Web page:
Tuesday, December 9, 2014

Wood Pigeon - Sous Vide

I ordered two wood pigeons, on-line, that had been shot in the wild in Scotland. 
The common wood pigeon.
In descriptions about the meat I read that it was "deep crimson in color" and had a "rich gamey flavor" and that it was "dark" and "delicate" and should be served "pink or rare." A British website with wood pigeon recipes said the pigeon was best with the breasts removed and "pan fried and served pink." 
Two raw wood pigeons. Note how dark the meat is.
Cut in half.
I have eaten pigeon before, in Chinese (both domestic and foreign) restaurants, but they are usually called "squab" and are domestic pigeons that are young and slaughtered  after they have reached full-size, but before they have flown. 

These wild-shot pigeons, although full-grown, were much smaller than the squab I've eaten in Chinese restaurants and the taste is off-the-charts different. I rate these birds as some of the gamiest meat I've ever eaten. 
Vacuum-sealed. One bag had butter added.
The bag with the birds in butter after cooking.
I decided to cook them sous vide and decided on 53 centigrade as the on-line recommendations were to eat it rare. I figured that a little longer in the water bath would soften it up, so I cooked them for 4 1/2 hours. I cut them in half, length-wise, coated them in olive oil with some salt and pepper, and in one batch (I put one bird in each vacuum-sealed bag) I also added some butter.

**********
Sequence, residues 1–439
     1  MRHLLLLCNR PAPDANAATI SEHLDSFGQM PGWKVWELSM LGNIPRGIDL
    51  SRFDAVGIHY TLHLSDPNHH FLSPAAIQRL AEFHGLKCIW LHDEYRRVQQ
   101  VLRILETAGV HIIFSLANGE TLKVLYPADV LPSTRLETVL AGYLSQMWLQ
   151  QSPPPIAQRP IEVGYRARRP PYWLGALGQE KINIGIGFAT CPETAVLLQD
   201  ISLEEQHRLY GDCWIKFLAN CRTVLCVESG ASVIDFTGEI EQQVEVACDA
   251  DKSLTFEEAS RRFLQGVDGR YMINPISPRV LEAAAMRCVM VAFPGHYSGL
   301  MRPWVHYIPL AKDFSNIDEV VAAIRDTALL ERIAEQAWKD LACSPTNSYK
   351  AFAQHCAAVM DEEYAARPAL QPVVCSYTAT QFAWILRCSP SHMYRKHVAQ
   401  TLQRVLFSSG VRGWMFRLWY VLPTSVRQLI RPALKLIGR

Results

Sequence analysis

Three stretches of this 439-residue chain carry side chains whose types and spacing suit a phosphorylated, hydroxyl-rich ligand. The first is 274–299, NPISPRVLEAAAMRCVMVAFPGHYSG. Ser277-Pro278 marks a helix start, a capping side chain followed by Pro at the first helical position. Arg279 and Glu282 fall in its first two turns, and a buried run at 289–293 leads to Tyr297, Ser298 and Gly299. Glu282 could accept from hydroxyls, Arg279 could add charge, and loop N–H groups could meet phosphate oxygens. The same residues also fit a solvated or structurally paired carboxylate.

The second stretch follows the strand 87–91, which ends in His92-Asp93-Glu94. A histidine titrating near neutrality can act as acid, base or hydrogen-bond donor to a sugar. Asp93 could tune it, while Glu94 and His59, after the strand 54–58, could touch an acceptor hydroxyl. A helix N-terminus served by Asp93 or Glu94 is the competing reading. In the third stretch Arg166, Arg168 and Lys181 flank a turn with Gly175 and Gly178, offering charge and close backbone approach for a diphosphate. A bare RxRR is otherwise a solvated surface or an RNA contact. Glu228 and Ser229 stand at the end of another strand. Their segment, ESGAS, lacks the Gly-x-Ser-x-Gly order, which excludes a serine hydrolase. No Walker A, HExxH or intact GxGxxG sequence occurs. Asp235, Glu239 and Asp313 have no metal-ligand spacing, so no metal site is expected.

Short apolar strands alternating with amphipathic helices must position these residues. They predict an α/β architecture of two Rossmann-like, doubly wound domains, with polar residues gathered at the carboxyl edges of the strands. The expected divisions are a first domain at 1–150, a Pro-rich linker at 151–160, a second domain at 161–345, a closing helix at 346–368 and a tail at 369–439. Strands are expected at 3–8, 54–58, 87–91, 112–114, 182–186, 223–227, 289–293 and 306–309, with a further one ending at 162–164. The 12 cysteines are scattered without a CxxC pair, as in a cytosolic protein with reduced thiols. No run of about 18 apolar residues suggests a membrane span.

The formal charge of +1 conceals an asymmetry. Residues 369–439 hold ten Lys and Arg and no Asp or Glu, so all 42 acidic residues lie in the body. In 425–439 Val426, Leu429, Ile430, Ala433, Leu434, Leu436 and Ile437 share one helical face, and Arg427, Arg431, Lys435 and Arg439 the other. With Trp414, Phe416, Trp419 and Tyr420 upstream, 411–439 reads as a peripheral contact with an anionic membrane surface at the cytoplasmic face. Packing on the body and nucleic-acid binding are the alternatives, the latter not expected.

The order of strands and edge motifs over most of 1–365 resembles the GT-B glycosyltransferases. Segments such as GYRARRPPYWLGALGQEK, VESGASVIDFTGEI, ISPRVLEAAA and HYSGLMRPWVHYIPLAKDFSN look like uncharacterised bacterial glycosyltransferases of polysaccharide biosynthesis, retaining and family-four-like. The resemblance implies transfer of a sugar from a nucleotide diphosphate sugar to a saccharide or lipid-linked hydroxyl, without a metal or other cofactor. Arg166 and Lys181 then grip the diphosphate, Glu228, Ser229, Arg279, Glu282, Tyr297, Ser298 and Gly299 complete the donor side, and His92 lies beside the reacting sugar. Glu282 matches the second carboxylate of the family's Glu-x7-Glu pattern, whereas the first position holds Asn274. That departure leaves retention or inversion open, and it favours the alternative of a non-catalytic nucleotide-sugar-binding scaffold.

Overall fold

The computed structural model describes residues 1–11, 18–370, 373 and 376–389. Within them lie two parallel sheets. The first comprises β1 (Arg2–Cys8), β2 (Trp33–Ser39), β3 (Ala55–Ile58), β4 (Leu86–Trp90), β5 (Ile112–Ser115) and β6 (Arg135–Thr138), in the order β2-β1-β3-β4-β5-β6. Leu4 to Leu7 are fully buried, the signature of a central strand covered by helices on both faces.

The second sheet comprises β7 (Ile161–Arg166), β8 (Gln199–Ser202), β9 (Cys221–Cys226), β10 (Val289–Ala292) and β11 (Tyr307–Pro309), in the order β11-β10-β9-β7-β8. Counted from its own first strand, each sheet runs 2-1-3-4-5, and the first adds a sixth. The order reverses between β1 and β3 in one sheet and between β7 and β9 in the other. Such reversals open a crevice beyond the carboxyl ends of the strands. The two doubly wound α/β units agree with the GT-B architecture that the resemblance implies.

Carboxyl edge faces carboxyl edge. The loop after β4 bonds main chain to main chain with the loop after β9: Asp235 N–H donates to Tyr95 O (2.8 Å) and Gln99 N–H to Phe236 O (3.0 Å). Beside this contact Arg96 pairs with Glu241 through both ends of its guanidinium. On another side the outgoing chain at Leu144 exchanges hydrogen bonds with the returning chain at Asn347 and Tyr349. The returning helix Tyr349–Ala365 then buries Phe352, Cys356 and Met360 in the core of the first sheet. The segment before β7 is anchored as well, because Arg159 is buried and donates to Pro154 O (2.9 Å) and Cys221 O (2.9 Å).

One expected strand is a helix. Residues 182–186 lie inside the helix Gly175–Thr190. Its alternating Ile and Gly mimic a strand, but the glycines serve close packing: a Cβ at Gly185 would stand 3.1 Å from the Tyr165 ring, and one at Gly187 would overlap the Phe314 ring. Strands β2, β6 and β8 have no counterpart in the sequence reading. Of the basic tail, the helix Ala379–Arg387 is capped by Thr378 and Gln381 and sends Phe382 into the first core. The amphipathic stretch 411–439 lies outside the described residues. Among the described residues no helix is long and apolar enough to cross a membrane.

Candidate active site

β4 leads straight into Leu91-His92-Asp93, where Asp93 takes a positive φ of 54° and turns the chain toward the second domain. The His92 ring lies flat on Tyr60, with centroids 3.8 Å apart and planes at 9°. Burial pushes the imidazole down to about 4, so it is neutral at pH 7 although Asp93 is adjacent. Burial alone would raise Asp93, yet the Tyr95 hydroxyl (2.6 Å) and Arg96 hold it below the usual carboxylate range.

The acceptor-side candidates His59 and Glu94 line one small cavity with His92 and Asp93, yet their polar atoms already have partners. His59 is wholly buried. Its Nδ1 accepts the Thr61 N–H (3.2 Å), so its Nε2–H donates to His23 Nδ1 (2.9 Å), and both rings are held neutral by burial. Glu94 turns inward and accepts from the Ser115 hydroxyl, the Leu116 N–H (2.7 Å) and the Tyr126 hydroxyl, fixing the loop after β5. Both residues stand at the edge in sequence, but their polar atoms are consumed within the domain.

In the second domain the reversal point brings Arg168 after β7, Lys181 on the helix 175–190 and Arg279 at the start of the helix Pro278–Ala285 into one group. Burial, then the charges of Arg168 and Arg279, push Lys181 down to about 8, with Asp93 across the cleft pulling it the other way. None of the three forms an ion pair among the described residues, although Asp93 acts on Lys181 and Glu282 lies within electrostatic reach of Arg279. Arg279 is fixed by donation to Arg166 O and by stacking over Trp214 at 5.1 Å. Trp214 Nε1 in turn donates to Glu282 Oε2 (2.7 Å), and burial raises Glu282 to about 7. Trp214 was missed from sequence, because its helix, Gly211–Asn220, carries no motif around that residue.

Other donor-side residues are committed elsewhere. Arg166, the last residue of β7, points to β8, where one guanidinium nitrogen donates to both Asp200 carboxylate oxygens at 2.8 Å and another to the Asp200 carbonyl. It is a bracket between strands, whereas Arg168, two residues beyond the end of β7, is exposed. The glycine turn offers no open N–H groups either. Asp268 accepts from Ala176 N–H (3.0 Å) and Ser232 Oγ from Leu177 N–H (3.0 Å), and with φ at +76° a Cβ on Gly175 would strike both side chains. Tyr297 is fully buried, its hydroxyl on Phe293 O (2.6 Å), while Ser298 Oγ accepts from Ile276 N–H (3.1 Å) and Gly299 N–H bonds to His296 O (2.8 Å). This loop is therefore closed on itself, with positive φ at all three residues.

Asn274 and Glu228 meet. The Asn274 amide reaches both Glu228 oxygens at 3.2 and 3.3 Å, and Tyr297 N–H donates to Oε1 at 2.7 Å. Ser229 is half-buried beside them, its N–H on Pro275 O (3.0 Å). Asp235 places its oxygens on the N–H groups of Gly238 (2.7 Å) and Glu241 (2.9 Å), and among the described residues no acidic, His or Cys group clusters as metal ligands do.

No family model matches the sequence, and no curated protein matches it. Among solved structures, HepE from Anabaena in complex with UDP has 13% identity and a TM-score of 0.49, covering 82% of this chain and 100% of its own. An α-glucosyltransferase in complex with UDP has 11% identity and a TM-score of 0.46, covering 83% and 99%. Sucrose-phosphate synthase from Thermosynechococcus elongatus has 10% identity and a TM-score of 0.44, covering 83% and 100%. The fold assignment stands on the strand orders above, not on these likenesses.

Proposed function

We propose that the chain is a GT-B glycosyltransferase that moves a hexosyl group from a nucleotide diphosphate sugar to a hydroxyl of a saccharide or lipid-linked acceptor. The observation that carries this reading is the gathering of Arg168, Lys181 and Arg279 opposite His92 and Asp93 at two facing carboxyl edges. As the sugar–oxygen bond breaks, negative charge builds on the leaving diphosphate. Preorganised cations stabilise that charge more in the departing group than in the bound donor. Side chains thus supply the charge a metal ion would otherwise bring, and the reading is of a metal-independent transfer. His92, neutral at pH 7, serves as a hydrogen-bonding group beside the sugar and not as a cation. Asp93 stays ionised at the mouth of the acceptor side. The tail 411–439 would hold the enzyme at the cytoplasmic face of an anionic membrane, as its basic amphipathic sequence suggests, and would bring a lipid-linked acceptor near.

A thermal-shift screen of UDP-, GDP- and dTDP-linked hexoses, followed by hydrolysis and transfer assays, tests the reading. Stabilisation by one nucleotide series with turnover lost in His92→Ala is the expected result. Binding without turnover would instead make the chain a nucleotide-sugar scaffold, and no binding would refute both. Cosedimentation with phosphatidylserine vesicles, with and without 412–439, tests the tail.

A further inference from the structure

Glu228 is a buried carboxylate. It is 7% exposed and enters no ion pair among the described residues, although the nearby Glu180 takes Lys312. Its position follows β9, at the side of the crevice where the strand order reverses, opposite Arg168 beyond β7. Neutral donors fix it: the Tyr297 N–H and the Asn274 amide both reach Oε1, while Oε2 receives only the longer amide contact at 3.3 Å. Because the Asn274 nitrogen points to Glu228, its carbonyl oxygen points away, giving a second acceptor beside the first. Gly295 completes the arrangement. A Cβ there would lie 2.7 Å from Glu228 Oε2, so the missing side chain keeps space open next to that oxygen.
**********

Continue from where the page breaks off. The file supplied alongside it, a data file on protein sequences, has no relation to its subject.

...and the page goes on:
Despite the long cooking time the birds were still very supple, yet difficult to cut. And the taste was very livery, more so than liver, with a bitter tinge to it. Neither Judy or I finished it, it was just too strong. 
Two sous vide pigeon halves with creamy mashed potatoes. Fortunately the mashed potatoes were very good. We didn't eat much of the pigeon. 
So I bagged up the birds, refrigerated them, and pulled them out the next day to try them again. This time I cut off much of the remaining breast meat (the other meat was just too difficult to remove) and microwaved it until it was warm. Then I salted it heavily and tried it again. It was still very livery and bitter, but both tastes were more muted, perhaps because of my heavy salting and because of the extra cooking. 
This left-over pigeon was cut up into pieces and then microwaved. That helped a little bit.
I would not eat pigeon this way again. It either needed to be cooked at a higher temperature and much longer in the sous vide, pan fried in thin slices, or marinated in something very strong that would neutralize the strong flavors. 

4 comments:

  1. It takes like liver? I would have thought chicken!

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  2. Isn't it crazy that we can love iguana but dislike pigeon? Who would have guessed?

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  3. Wow, that is really dark meat.

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  4. Just cooking it today for the first time and ran into your article - haven't heard from anyone else mentioning it tastes livery - could this have been because you cooked the whole pigeon sous-vide which then allowed the liver's flavor to spread all over? All sous-vide recipes seem to only prepare the breast in a water bath. Just a supposition. I'll get back to you guys tonight after we cook it (although elected not to do it sous vide). Hopefully it's more squab than liver, as wife is not a fan of the liver flavor at all!

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